Wilson thinks this process still has further to run, as portfolios need more recalibrating towards Value and cyclicals. Just as importantly, banks, miners and other cyclicals will soon look great on technical charts, while the technical picture for share prices under pressure is breaking down. This will further widen the gap as short-term traders (and others) will continue to feed the momentum.

I believe that recurring chatter among traders is how the Nasdaq is forming a "reverse head-and-shoulders" on price charts, which is widely interpreted as the harbinger of much weaker index levels.

Ultimately, predicts Wilson, "Growth stocks can rejoin the party once the valuation correction and repositioning is finished", but one can sense this can still take a while, irrespective of whether the Fed calms the market next week, or not.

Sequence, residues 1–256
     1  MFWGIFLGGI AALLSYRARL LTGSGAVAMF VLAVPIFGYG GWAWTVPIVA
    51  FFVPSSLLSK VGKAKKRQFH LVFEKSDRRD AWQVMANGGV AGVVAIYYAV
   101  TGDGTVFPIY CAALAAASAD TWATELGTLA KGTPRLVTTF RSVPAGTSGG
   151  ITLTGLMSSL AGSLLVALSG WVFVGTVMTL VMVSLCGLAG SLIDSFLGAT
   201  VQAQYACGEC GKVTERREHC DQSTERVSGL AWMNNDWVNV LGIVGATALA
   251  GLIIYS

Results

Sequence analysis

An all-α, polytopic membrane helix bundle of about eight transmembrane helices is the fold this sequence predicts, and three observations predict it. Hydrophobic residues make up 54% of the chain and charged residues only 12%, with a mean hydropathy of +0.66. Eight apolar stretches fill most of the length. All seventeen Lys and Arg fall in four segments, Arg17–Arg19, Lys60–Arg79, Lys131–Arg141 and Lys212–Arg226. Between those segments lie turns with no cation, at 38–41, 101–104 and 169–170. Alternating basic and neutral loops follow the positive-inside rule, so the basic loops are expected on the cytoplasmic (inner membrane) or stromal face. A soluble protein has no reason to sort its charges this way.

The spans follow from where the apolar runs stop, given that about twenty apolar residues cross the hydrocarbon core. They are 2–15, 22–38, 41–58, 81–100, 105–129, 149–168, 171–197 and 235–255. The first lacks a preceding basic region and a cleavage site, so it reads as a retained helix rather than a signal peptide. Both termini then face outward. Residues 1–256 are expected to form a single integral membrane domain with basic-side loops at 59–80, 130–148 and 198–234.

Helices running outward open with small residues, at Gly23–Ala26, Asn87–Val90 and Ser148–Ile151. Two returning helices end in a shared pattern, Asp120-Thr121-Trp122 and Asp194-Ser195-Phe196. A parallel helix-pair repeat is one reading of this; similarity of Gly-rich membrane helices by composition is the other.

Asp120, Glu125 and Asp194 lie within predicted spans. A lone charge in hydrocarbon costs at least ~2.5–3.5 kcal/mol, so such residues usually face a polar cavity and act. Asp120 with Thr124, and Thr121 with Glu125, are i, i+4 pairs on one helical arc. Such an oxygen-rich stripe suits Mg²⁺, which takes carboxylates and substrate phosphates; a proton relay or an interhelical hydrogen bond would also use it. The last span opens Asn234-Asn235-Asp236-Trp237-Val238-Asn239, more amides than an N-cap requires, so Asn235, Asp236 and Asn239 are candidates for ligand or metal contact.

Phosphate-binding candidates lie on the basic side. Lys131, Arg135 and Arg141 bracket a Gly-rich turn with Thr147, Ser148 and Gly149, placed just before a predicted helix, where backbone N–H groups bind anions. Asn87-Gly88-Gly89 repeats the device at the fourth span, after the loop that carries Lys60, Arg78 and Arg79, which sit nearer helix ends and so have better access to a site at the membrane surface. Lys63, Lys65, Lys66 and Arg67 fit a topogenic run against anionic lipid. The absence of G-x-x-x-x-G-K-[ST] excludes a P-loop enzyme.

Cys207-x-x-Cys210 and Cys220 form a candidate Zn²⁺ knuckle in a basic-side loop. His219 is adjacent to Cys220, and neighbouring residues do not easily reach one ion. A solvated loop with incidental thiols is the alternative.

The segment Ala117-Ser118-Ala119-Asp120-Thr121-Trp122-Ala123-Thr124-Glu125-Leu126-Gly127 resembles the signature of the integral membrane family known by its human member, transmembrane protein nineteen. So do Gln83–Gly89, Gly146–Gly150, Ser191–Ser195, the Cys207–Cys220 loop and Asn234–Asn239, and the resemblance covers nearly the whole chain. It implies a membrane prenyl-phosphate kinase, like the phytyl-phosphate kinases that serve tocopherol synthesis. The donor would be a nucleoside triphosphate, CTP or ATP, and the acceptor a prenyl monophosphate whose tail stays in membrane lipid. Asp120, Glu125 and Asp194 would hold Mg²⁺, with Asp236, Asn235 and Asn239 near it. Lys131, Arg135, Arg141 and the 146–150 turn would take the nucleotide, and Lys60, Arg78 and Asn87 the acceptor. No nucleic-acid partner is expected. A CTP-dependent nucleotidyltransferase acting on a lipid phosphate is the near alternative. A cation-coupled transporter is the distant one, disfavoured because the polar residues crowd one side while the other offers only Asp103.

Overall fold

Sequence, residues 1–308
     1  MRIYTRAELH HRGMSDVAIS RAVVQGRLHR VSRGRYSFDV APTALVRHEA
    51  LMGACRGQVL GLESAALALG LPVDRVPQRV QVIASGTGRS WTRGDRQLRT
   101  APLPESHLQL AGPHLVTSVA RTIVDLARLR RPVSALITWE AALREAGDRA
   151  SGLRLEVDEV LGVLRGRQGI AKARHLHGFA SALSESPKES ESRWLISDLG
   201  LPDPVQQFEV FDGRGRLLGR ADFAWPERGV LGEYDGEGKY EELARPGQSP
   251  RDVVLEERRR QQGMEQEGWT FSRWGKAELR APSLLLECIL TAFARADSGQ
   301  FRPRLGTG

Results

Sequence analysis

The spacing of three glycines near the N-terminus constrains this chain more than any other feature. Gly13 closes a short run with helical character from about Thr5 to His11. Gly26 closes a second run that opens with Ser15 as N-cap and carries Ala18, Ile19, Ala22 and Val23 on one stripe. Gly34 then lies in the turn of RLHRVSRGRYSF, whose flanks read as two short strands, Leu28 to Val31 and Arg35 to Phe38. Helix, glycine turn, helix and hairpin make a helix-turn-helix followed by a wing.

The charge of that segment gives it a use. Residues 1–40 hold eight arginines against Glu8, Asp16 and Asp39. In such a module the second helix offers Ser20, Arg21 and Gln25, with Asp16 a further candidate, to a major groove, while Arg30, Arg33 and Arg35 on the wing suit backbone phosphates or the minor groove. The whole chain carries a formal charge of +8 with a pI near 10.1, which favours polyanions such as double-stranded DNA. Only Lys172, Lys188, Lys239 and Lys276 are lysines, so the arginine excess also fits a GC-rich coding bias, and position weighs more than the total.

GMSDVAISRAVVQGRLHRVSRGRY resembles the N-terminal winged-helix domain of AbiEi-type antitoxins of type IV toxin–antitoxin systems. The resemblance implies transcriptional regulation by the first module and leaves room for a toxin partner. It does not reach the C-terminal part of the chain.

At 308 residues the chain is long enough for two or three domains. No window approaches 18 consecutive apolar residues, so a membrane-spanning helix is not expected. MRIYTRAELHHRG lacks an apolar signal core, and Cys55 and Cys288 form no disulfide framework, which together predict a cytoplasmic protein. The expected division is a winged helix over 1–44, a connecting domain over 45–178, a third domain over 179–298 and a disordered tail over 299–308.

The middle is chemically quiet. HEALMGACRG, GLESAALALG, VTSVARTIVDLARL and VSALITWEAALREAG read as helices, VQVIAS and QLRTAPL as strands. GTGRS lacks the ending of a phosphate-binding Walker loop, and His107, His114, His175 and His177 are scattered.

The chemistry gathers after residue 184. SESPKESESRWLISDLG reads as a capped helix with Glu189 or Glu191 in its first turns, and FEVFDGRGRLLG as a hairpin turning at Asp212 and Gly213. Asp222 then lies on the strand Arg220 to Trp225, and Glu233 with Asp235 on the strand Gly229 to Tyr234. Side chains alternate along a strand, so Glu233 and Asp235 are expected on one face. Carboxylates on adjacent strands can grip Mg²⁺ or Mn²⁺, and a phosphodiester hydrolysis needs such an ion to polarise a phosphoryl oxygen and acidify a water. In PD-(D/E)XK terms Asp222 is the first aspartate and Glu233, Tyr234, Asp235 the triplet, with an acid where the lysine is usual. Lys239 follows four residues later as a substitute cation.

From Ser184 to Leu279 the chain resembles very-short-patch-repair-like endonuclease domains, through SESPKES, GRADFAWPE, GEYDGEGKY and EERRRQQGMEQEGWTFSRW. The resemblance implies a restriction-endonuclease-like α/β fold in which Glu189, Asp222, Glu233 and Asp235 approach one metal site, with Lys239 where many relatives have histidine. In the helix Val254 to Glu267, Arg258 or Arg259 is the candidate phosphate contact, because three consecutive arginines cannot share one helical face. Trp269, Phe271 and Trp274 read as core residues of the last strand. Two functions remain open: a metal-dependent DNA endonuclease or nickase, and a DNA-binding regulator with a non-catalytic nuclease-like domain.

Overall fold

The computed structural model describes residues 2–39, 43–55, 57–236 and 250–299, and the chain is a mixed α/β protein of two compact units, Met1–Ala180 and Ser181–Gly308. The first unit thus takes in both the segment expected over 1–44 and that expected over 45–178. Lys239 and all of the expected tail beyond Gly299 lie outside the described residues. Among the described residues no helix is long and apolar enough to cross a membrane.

Active Managers' January Survey

Meanwhile, the latest update on active funds managers in Australia by JP Morgan shows average cash weightings continue to trend down with January the tenth consecutive month of cash draw-downs; cash is now at a new record all-time low of 2.2%. According to the survey, cash levels fell by a further -27bp in January and are now -147bp below the two year-average.

In February last year, average cash rose to 4.5%, the same level where it was in the first half of 2019. BHP Group (BHP) and other iron ore miners have been the trade du jour in January with the survey indicating some 70% of local active managers own BHP as a top holding in their portfolio. Another popular come-back stock has been Westpac (WBC).

The number of technology stocks dropped in January with the sector only representing 3.2% of major positions in portfolios; the lowest percentage point in six months. The most popular domestic tech stock among active managers remains Xero (XRO).